LONDON — Boris Johnson ruled himself out of running for the Conservative Party leadership Sunday, despite claiming he had the support to do so, ending a short-lived attempt to return to the British prime minister’s job he was ousted from little more than three months ago.
His withdrawal leaves former treasury chief Rishi Sunak as the strong favorite to be Britain’s next prime minister. He could win the contest as soon as Monday.
Johnson said: “I believe I am well placed to deliver a Conservative victory in 2024 — and tonight I can confirm that I have cleared the very high hurdle of 102 nominations, including a proposer and a seconder, and I could put my nomination in tomorrow.
“There is a very good chance that I would be successful in the election with Conservative Party members — and that I could indeed be back in Downing Street on Friday," he said.
“But in the course of the last days I have sadly come to the conclusion that this would simply not be the right thing to do. You can’t govern effectively unless you have a united party in Parliament.”
Johnson said that because of the failure to reach a deal with Sunak and another candidate, Penny Mordaunt, the leader of the House of Commons, “I am afraid the best thing is that I do not allow my nomination to go forward and commit my support to whoever succeeds.”
“I believe I have much to offer, but I am afraid that this is simply not the right time,” he said.
A little less than four months after an unprecedented ministerial rebellion ended his scandal-hit reign and he resigned in a speech outside 10 Downing Street, speculation had been rife that Johnson would once again try to win the leadership of the Conservative Party and become the U.K.'s new leader by default.
“No politician in postwar political history has ever lost the leadership of their party at the same time as losing the premiership and come back to win both,” Tim Bale, a politics professor at Queen Mary University of London, said in an email Sunday.
The party was forced to seek a new leader after Johnson's successor, Liz Truss, resigned Thursday following a disastrous economic plan, which was rapidly reversed, that sent the pound plunging and her government into chaos. She served just six weeks.
Several lawmakers had called for Johnson's return, including some of his former Cabinet colleagues, among them Ben Wallace, the defense minister, and former Home Secretary Suella Braverman.
While Mordaunt, a former defense minister, announced her candidacy last week, Johnson's stiffest competition would likely have come from Sunak, who declared his intention to run Sunday.
Both lost out to Truss in the last election; Sunak has seemingly secured the support of prominent figures on the right wing of the party this time around.
“I want to fix our economy, unite our party and deliver for our country,” Sunak, who would become the first prime minister of Indian origin if he is chosen, said in a statement. His family migrated to Britain in the 1960s, when many people from Britain’s former colonies arrived to help rebuild the country after the World War II.
Among those backing Sunak was one of Johnson’s previous backers, Steve Baker, an influential lawmaker on the right of the party.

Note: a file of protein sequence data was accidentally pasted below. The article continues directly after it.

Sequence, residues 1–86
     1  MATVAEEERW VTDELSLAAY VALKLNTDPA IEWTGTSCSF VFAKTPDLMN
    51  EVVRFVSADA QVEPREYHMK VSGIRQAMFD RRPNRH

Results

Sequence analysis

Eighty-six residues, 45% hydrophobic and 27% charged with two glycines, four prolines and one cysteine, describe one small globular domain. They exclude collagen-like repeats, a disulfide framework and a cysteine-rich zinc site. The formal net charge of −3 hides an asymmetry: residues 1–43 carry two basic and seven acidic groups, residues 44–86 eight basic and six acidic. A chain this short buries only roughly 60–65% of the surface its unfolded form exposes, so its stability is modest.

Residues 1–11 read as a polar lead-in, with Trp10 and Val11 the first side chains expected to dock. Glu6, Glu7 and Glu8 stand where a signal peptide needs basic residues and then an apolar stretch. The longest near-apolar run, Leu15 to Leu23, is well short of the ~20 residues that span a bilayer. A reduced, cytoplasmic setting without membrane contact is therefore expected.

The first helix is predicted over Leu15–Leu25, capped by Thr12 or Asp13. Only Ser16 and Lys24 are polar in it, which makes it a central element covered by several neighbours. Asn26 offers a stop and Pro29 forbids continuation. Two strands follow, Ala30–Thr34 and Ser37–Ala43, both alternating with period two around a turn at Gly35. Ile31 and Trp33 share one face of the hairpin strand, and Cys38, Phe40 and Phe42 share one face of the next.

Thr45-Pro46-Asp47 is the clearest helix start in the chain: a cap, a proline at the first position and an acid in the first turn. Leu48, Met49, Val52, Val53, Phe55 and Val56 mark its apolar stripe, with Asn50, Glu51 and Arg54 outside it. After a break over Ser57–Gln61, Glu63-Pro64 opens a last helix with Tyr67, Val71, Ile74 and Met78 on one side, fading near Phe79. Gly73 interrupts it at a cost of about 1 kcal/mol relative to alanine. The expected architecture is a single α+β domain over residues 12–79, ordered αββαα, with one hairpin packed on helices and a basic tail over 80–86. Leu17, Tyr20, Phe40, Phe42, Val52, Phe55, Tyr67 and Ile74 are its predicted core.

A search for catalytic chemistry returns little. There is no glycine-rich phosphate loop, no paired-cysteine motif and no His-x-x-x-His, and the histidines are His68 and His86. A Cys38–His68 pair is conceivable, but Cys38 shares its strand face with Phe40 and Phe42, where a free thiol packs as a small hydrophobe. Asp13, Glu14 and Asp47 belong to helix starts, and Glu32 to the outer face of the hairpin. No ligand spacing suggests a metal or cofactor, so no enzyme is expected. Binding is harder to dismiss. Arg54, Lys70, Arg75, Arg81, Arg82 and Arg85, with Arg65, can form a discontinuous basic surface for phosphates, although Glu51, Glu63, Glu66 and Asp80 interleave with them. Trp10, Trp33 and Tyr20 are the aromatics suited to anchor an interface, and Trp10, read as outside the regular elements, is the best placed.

“This isn’t the time for Boris’s style,” Baker told Sky News on Sunday, adding that Johnson still faces an investigation into whether he misled Parliament over Downing Street parties during Covid-19 lockdowns.
He could be forced to resign or be suspended from office if he is found guilty, which Baker said would be “a guaranteed disaster.”
Others have pointed out that Johnson's three years as prime minister were plagued by scandals; he was eventually forced to step down after more than 50 members of his government, including Sunak, resigned.
They quit amid allegations that Johnson failed to come clean about a lawmaker who was appointed to a senior position despite claims of sexual misconduct.
Former Conservative Party leader William Hague said Friday that Johnson’s return would lead to a “death spiral” for the party.
Whoever wins will have to get nominations from 100 of the 357 Conservative lawmakers by Monday, meaning a maximum field of three.
If two candidates secure such support, they will go forward to a vote of the party members, with the winner announced Friday.
Supporters of Johnson, including Foreign Minister James Cleverly and former Chancellor Nadhim Zahawi, see him as a vote-winner, able to appeal across the country with his celebrity image and brand of energetic optimism. His backers say he can get the 100 members of Parliament required to get on the ballot.
But Anand Menon, a professor of politics and foreign affairs at Kings College London, said: “There is a tendency, not least amongst his supporters but also in parts of the media, to exaggerate Boris Johnson’s electoral appeal.
“A significant majority of the British people wanted him to resign as prime minister, and his approval ratings were historically low by the time he stopped being prime minister,” he said. “So this idea that Boris is uniquely popular, I think is not necessarily true.”
Bale was more forthright and less generous about Johnson's prospects.
“Returning Boris Johnson would seem to most British people as yet another sick joke played on the country by the Conservative Party in the last few months — and not one many of them would find in the slightest bit funny,” he said.